People v. GreenAnnotate this Case
THE PEOPLE, Plaintiff and Respondent, v. DANNY LEE GREEN, Defendant and Appellant.
Phillip M. Millspaugh for Defendant and Appellant.
Stanley Mosk, Attorney General, John S. McInerny, Robert R. Granucci and John F. Foran, Deputy Attorneys General, for Plaintiff and Respondent.
DRAPER, P. J.
Convicted of auto theft (Veh. Code, § 10851) defendant appeals.
Robert Johnson testified at the preliminary examination that: he lived in Minnesota, and owned a car whose Minnesota license number he gave; he parked the car on a Richmond street and locked it; it was gone when he returned; he gave no one permission to take it; and the car recovered by the police was his.
After impanelment of the jury, court and counsel had a brief discussion in chambers, at the end of which the court indicated that it would admit transcript of Johnson's testimony at the preliminary, but stated to defense counsel "You may object if you want." Trial then resumed in the presence of the jury. The prosecutor, without being sworn, stated that he held copy of a telegram he had sent to Johnson in Minnesota asking that Johnson confirm by telegram and by airmail letter his telephone statement that he could not attend the trial. This wire was offered and marked for identification only, but nonetheless was read to the jury. Similarly, a telegram and a letter purportedly from Johnson in Minnesota, stating that for medical reasons he would be unable to attend the trial, were marked for identification and read aloud. No objection was made by the defense.
The prosecutor then asked permission to read the transcript of Johnson's earlier testimony. The defense announced "we object." The objection was overruled and the testimony was read to the jury. At the end of the day, defense counsel moved to strike the testimony of Johnson which had been read into the record, specifying the ground that there was no [215 Cal. App. 2d 171] evidence that he was unavailable to testify in person. The motion was denied. The prosecution then asked that the two telegrams and the letter, all previously marked for identification, be admitted in evidence. The defense objected upon the ground there was no testimony relative to any of them and that they were mere hearsay. The objection was overruled and the documents admitted.
 Johnson's earlier testimony was admissible only if it had been "satisfactorily shown to the court that he ... can not with due diligence be found within the state" (Pen. Code, § 686, subd. 3). Of course, a showing that Johnson was absent from the state would establish that no degree of diligence would find him here (cf. People v. Carswell, 51 Cal. 2d 602, 603 [335 P.2d 99]).  But such showing must be made by competent evidence (People v. Plyler, 126 Cal. 379, 381-382 [58 P. 904]) and the unsworn statement of the district attorney is not adequate to establish the necessary foundation if the issue is raised at trial (People v. Frank, 193 Cal. 474, 477 [225 P. 448]). Here there is nothing but the unsworn statement of the district attorney to identify or authenticate any of the three communications admitted in evidence.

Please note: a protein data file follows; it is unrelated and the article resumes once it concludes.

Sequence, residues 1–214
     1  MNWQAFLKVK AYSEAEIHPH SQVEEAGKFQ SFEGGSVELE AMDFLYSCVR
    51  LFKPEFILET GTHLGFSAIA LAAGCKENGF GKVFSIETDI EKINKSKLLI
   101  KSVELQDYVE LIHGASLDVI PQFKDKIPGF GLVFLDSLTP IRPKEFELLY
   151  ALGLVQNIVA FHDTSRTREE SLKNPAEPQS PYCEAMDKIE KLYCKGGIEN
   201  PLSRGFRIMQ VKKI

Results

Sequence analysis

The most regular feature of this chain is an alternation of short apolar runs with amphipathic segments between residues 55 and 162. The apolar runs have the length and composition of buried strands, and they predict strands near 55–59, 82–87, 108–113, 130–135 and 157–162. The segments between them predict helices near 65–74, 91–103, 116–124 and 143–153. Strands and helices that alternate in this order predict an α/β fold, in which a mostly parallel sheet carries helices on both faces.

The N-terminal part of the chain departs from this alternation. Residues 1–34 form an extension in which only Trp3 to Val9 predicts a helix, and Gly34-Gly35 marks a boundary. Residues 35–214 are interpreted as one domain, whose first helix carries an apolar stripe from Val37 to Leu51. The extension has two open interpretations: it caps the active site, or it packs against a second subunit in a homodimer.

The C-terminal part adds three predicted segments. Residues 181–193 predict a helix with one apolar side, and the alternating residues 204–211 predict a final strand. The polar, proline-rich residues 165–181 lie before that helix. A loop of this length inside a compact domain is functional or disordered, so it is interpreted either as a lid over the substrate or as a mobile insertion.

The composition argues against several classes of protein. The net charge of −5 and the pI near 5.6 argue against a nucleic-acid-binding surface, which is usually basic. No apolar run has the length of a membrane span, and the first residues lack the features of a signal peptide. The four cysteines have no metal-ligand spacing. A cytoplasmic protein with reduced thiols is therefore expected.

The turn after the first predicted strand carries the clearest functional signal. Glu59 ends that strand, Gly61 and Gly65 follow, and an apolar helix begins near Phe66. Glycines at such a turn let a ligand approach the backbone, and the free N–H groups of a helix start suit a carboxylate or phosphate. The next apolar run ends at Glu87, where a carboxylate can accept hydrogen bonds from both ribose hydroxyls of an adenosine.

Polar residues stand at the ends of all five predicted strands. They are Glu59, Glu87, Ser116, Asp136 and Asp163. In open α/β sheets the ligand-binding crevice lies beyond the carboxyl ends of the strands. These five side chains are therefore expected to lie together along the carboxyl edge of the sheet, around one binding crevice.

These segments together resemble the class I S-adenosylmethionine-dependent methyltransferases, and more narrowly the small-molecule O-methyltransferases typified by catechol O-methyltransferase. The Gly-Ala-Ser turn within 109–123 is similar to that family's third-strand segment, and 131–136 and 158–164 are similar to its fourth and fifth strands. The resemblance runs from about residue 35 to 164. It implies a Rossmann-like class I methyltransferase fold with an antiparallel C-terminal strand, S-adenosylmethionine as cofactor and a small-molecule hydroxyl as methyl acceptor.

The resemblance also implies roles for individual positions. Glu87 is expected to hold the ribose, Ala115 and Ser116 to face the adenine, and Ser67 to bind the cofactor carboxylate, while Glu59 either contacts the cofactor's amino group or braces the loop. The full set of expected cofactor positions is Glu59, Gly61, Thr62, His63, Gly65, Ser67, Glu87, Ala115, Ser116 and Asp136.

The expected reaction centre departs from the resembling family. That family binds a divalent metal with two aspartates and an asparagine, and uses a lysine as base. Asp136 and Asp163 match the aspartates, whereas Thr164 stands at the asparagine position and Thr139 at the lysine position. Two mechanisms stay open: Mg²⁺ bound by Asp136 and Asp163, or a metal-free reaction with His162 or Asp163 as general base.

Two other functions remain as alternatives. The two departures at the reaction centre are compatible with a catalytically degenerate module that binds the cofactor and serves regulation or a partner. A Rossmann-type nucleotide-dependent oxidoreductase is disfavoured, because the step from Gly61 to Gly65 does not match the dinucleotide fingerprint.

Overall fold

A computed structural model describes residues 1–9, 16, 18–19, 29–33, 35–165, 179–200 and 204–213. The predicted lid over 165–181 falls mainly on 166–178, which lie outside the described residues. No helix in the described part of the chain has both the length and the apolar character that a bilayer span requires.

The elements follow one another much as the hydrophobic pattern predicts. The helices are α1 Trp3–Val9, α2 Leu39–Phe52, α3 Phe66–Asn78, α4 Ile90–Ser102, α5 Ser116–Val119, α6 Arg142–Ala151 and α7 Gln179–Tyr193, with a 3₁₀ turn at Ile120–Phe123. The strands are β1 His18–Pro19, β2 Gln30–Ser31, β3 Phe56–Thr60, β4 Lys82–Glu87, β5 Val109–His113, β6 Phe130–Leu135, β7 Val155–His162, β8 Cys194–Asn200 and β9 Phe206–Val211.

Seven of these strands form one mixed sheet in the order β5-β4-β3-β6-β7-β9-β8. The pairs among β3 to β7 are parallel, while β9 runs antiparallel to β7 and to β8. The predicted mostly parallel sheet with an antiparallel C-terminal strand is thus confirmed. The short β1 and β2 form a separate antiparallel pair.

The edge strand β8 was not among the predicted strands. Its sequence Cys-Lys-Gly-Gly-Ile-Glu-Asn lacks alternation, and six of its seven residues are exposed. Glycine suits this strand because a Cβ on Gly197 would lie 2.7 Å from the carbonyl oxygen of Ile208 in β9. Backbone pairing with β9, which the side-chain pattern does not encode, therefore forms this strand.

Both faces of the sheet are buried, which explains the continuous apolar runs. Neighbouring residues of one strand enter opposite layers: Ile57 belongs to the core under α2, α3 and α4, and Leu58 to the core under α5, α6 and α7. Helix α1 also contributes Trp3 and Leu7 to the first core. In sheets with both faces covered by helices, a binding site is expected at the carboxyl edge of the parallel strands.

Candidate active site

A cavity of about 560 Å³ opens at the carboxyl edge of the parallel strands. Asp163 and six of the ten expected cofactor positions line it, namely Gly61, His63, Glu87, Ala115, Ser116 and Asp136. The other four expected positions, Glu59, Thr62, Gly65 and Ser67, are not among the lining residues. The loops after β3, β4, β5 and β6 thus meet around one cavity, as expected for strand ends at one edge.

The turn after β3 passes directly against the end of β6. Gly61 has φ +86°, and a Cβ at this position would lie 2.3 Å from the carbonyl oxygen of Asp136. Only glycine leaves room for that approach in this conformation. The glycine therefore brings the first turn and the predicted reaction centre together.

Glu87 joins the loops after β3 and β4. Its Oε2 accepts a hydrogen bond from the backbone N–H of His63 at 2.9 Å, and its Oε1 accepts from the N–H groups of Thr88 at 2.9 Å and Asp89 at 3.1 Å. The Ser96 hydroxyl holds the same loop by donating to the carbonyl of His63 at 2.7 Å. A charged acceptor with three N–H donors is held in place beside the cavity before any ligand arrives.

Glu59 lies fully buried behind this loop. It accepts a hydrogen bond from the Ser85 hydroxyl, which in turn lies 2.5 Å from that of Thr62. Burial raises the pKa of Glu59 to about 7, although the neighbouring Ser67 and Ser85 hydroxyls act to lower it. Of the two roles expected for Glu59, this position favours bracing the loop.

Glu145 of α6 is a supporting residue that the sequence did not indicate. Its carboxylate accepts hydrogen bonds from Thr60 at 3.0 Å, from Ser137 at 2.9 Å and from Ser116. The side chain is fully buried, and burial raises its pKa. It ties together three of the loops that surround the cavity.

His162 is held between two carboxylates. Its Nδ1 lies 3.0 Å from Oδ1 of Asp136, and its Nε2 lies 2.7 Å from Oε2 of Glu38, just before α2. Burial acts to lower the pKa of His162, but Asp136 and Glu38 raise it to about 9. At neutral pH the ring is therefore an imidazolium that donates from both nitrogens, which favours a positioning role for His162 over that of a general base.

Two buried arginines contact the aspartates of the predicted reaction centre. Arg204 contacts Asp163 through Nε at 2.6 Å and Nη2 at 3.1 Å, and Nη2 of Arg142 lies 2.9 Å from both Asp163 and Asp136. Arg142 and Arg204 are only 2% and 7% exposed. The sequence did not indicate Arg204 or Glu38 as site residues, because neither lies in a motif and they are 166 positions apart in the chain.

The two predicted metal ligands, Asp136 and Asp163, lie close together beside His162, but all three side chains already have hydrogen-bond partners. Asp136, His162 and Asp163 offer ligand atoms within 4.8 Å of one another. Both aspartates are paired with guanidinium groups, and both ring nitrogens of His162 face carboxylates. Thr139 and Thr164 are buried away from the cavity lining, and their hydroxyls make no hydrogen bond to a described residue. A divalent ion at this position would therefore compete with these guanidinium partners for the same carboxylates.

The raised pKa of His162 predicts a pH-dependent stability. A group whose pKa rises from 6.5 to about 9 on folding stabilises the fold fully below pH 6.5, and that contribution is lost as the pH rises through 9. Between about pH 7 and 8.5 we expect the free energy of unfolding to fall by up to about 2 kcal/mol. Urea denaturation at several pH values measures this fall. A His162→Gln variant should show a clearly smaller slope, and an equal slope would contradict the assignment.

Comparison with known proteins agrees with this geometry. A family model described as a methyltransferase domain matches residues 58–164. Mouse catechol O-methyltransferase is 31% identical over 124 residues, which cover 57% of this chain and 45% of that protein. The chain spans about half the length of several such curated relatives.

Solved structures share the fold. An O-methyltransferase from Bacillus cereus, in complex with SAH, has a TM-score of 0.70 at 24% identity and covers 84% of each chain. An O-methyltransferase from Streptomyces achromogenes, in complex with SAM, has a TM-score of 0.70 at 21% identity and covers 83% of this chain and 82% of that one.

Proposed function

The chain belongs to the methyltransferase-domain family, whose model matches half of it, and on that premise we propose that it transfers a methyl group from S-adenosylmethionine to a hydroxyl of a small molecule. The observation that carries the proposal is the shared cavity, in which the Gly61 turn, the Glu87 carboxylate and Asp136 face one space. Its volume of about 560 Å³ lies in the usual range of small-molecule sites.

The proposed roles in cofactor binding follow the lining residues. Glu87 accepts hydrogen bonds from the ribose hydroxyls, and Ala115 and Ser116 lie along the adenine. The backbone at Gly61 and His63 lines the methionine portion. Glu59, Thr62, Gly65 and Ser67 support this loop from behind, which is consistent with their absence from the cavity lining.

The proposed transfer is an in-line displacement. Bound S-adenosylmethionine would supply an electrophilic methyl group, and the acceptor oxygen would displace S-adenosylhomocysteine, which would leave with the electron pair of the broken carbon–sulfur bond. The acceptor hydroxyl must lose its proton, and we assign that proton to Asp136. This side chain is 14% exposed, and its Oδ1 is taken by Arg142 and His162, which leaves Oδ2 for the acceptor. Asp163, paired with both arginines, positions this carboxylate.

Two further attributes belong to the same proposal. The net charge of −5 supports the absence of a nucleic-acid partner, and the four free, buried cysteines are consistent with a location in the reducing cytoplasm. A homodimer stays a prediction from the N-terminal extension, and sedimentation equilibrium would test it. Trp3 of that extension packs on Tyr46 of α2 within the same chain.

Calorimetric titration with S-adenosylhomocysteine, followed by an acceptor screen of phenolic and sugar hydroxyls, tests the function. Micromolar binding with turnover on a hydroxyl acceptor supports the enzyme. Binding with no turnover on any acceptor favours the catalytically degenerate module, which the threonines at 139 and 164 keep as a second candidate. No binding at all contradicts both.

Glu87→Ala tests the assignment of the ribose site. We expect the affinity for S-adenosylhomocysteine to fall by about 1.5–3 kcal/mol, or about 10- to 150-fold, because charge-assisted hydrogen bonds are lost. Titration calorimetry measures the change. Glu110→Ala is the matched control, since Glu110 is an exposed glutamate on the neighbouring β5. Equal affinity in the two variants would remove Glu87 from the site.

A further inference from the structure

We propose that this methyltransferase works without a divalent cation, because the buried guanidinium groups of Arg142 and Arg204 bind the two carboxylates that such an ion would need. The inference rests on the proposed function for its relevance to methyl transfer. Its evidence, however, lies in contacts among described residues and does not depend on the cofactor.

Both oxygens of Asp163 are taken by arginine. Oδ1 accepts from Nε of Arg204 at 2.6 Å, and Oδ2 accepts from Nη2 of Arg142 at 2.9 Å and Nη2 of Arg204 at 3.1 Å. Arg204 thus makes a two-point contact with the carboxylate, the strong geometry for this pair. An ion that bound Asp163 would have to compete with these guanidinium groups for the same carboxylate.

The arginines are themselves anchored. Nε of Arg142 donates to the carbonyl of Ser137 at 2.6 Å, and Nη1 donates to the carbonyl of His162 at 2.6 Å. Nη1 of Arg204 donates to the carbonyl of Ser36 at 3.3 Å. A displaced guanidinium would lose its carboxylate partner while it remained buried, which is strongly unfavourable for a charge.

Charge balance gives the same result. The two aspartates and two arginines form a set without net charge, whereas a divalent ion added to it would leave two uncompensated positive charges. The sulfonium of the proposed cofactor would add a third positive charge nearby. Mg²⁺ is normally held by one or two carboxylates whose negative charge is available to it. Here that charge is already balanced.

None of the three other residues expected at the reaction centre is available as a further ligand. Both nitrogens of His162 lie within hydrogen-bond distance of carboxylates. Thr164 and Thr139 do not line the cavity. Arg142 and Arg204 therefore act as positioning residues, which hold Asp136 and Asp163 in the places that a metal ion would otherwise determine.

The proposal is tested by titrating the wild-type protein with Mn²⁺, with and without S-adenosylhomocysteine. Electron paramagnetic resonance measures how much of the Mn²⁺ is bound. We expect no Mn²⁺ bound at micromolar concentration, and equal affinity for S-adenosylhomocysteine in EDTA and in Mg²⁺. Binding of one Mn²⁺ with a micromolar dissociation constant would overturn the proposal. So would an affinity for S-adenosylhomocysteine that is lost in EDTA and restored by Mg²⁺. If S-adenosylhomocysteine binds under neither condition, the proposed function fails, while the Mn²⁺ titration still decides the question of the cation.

Respondent argues that the letter and the telegram of Johnson are authenticated by the fact that they reply to the district attorney's telegram (People v. Barker, 144 Cal. 705 [78 P. 266]). But there is no competent testimony to establish that the district attorney sent the telegram which purports to be his. We know of no rule permitting use of an unauthenticated document to supply deficiencies in other documents neither identified nor authenticated by any evidence.
 Defendant would have a far better record had he objected to reading of the communications, and specified grounds of his objection to reading of the transcript. Respondent asserts that these omissions are fatal, and are not cured by the later motion to strike (People v. Scalamiero, 143 Cal. 343, 345-346 [76 P. 1098]; People v. Abbott, 47 Cal. 2d 362, 372 [303 P.2d 730]). But even before the issue was raised in open court, the judge had indicated his intention to admit the evidence. The three communications were offered for identification only, and at that stage could not have been objected to. When they were first offered in evidence, defendant did object upon detailed and sound grounds. As to the transcript, defendant's preadmission objection was insufficient. But the motion to strike, made before either party had rested, was amply specific to afford court and prosecutor full opportunity [215 Cal. App. 2d 172] to correct their respective errors. If the prosecutor had in fact sent his telegram and received the replies to it, he could readily have been sworn and so testified at that time. He did not take this opportunity. We should readily apply the rule urged by respondent if we dealt here with testimony, which, for lack of objection, goes beyond the scope of admissibility. We are unwilling, however, to resort to that rule to supply a complete absence of essential testimony in a criminal case.
 Without Johnson's testimony, there is no evidence to establish the corpus delicti, since the claimed extrajudicial statements of defendant cannot serve that purpose (People v. Amaya, 40 Cal. 2d 70, 75 [251 P.2d 324]; People v. Mehaffey, 32 Cal. 2d 535, 544 [197 P.2d 12]).
Salsman, J., and Devine, J., concurred.